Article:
I was a little wary about seeing The Woman in Black.  I had no preconceptions about the story, I had not read Susan Hill’s book, nor seen the previous TV film or hugely successful stage adaptation, yet there was a lot riding on this movie – would Daniel Radcliffe be any good in a grown up film, and as this was the first major release from the resurrected Hammer studios, would it do justice to the history of that studio?

The horror of this film is definitely in the gothic mode – it’s not the blood soaked gore of pointless torture, or the crazy men in masks running after stupid teenagers type of film (thank goodness!).  This is the horror of the desolate countryside, strange villagers fearing a curse and a decayed, haunted house – so far, so Hammer!  The mood from the beginning of this film is one of dark, cluttered rooms, wood panelling, rich buttoned up fabrics and the gloomier side of the Edwardian era.  This style of the supernatural depends completely on mood, the slow building up of expectation and tension, and that is what this film does extremely well.  The atmosphere is heavy and consistent, with the direction aided significantly by the quality of the production design, which is convincing throughout.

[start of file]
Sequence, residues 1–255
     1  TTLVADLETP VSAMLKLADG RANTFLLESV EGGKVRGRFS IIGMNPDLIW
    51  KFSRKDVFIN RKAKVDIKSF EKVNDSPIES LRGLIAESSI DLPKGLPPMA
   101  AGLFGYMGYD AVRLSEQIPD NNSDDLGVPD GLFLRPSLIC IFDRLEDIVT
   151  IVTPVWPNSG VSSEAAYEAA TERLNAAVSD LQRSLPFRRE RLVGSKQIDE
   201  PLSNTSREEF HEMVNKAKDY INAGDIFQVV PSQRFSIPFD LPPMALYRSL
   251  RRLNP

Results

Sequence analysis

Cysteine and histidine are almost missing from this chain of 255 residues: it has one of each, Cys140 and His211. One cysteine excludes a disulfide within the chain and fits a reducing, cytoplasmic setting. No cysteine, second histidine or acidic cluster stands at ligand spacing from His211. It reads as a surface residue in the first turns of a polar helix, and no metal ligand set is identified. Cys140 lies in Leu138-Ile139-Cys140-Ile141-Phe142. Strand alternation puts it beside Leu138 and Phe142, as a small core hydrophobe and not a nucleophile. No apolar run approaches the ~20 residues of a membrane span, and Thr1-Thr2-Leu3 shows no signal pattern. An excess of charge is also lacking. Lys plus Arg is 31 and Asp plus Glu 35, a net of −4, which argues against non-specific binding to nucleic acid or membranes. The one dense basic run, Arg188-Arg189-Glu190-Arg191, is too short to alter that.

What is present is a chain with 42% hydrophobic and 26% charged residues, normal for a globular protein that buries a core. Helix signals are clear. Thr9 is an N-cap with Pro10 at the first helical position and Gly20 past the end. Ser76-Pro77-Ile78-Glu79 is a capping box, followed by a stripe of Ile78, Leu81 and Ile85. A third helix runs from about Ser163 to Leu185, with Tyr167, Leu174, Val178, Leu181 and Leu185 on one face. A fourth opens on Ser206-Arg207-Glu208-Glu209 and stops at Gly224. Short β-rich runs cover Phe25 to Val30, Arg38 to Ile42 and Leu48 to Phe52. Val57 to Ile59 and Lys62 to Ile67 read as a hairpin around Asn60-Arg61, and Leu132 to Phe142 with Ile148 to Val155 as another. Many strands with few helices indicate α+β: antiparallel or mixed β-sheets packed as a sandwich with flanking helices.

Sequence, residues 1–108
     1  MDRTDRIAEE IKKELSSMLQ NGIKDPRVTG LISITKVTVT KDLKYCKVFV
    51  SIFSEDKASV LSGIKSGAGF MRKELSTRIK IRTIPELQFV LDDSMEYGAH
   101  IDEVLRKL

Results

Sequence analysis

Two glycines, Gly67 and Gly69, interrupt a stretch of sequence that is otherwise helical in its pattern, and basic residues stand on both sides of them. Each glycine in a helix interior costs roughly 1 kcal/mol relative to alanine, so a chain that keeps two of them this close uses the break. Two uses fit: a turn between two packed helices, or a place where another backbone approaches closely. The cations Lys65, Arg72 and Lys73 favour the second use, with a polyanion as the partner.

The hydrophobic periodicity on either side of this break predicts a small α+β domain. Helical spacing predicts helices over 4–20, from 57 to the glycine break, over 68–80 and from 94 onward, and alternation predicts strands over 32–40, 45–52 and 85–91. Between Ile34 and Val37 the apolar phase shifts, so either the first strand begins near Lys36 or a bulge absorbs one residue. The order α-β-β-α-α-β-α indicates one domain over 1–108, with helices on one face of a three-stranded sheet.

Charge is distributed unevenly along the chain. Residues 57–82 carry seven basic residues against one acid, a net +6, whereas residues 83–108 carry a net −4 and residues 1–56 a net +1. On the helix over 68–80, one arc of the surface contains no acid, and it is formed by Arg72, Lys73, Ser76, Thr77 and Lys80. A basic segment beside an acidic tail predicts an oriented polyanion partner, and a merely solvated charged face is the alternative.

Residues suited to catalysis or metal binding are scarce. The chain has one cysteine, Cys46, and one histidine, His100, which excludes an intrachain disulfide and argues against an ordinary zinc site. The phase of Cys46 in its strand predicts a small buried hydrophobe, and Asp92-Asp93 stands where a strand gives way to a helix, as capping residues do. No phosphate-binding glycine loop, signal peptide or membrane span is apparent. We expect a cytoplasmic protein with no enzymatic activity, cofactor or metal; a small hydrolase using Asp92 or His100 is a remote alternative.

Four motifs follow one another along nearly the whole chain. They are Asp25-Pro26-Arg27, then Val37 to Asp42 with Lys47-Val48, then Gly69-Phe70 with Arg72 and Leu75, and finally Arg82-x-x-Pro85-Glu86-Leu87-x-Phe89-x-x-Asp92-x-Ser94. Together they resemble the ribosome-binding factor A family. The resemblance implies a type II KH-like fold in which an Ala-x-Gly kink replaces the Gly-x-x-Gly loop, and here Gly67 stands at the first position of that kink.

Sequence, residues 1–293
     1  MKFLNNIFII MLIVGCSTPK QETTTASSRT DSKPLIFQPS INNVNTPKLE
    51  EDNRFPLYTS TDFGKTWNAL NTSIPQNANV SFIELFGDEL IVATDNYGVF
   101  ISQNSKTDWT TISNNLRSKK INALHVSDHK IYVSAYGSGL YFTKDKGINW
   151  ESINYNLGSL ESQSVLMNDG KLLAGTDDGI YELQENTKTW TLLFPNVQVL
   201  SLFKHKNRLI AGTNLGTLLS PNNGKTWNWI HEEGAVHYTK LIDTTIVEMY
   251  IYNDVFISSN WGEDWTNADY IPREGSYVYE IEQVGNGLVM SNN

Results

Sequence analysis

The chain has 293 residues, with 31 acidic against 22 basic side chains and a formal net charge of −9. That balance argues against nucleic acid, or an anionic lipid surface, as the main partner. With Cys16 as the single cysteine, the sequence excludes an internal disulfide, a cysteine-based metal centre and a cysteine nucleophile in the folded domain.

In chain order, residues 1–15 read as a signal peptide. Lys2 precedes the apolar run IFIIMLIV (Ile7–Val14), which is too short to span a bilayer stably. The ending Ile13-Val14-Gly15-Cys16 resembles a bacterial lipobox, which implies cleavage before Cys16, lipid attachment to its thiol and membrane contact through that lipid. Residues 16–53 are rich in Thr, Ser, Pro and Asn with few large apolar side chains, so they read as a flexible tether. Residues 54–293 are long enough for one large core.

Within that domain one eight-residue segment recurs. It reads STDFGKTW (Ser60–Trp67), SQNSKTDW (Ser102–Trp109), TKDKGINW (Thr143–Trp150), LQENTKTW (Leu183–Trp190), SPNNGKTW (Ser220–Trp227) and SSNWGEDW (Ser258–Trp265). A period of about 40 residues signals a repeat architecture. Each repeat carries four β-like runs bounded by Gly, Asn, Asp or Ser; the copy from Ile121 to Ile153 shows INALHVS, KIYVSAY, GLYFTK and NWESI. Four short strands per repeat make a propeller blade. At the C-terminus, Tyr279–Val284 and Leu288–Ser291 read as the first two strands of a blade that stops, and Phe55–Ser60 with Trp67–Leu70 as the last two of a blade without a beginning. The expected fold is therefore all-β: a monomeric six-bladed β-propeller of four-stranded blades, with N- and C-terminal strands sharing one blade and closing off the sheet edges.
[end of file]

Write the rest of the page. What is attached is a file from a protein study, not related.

The story begins with Arthur Kipps (Daniel Radcliffe) contemplating ending his life years after losing his wife during childbirth.  His continuing state of depression has been affecting his work and when his boss sends him to deal with the estate of a recently deceased woman it is obviously his last chance to retain his job.  It is the history of events surrounding the house of this woman that is the crux of this story.  Throughout there are images of frilly Edwardian childhood, mechanical toys, tea sets and dolls; and the innocent paraphernalia of the nursery is increasingly used to creepy effect and provides plenty of shocks (which did give me goose bumps on a number of occasions).  Of course all of this is part of the clichéd stock in trade of the traditional gothic movie, but when it is done well we remember just how effective such trappings can be.  This point, coincidently, raises my main problem with this type of film – when compared to the 2005 BBC adaptation of Bleak House, which had equally impressive production values, sense of place and script writing, should films in the style of The Woman In Black be left to television companies to produce; and wasn’t this partly why Hammer fell from film production into television in the first place?